Please use this identifier to cite or link to this item: https://hdl.handle.net/1959.11/20038
Title: Outdoor stocking density in free-range laying hens: radio-frequency identification of impacts on range use
Contributor(s): Campbell, Dana (author); Hinch, Geoffrey (author)orcid ; Dyall, T R (author); Warin, L (author); Little, B A (author); Lee, Caroline (author)
Publication Date: 2017
DOI: 10.1017/s1751731116001154
Handle Link: https://hdl.handle.net/1959.11/20038
Abstract: The number and size of free-range laying hen (Gallus gallus domesticus) production systems are increasing within Australia in response to consumer demand for perceived improvement in hen welfare. However, variation in outdoor stocking density has generated consumer dissatisfaction leading to the development of a national information standard on free-range egg labelling by the Australian Consumer Affairs Ministers. The current Australian Model Code of Practice for Domestic Poultry states a guideline of 1500 hens/ha, but no maximum density is set. Radio-frequency identification (RFID) tracking technology was used to measure daily range usage by individual ISA Brown hens housed in six small flocks (150 hens/flock - 50% of hens tagged), each with access to one of three outdoor stocking density treatments (two replicates per treatment: 2000, 10 000, 20 000 hens/ha), from 22 to 26, 27 to 31 and 32 to 36 weeks of age. There was some variation in range usage across the sampling periods and by weeks 32 to 36 individual hens from the lowest stocking density on average used the range for longer each day (P<0.001), with fewer visits and longer maximum durations per visit (P<0.001). Individual hens within all stocking densities varied in the percentage of days they accessed the range with 2% of tagged hens in each treatment never venturing outdoors and a large proportion that accessed the range daily (2000 hens/ha: 80.5%; 10 000 hens/ha: 66.5%; 20 000 hens/ha: 71.4%). On average, 38% to 48% of hens were seen on the range simultaneously and used all available areas of all ranges. These results of experimental-sized flocks have implications for determining optimal outdoor stocking densities for commercial free-range laying hens but further research would be needed to determine the effects of increased range usage on hen welfare.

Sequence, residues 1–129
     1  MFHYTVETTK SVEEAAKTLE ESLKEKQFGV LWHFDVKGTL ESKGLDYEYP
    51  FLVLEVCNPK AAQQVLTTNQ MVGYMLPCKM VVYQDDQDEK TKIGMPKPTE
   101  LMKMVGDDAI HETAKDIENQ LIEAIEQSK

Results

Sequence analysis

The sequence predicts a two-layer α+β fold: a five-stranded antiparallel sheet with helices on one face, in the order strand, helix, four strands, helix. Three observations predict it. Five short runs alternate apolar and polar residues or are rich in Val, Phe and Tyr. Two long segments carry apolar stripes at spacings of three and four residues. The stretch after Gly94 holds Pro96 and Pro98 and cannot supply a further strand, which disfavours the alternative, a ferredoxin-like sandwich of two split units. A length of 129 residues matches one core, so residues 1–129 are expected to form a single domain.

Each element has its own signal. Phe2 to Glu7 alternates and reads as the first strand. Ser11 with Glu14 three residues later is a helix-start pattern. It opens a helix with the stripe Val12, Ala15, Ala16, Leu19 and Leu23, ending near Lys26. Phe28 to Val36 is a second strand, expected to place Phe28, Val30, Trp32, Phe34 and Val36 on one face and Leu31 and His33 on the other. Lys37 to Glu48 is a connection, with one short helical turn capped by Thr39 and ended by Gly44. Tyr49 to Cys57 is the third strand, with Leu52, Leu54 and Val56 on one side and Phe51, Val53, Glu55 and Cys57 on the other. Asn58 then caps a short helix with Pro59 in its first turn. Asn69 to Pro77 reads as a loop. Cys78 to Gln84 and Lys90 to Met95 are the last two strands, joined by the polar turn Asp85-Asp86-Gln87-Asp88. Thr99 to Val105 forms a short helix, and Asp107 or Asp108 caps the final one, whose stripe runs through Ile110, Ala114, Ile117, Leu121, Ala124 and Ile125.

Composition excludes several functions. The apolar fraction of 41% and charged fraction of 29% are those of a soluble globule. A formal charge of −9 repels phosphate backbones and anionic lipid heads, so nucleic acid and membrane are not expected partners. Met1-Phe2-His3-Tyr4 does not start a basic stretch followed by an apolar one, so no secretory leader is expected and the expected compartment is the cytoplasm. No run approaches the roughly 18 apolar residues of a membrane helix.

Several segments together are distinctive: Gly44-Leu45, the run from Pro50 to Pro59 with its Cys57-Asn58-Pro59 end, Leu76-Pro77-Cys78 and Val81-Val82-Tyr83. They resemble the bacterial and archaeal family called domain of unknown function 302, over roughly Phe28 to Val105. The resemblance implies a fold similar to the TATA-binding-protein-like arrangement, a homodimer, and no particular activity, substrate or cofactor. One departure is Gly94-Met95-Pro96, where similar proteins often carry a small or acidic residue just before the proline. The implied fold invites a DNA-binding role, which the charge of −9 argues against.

Publication Type: Journal Article
Source of Publication: Animal, 11(1), p. 121-130
Publisher: Cambridge University Press
Place of Publication: United Kingdom
ISSN: 1751-7311
1751-732X
Field of Research (FOR): 070206 Animal Reproduction
070203 Animal Management
070207 Humane Animal Treatment
Peer Reviewed: Yes
HERDC Category Description: C1 Refereed Article in a Scholarly Journal
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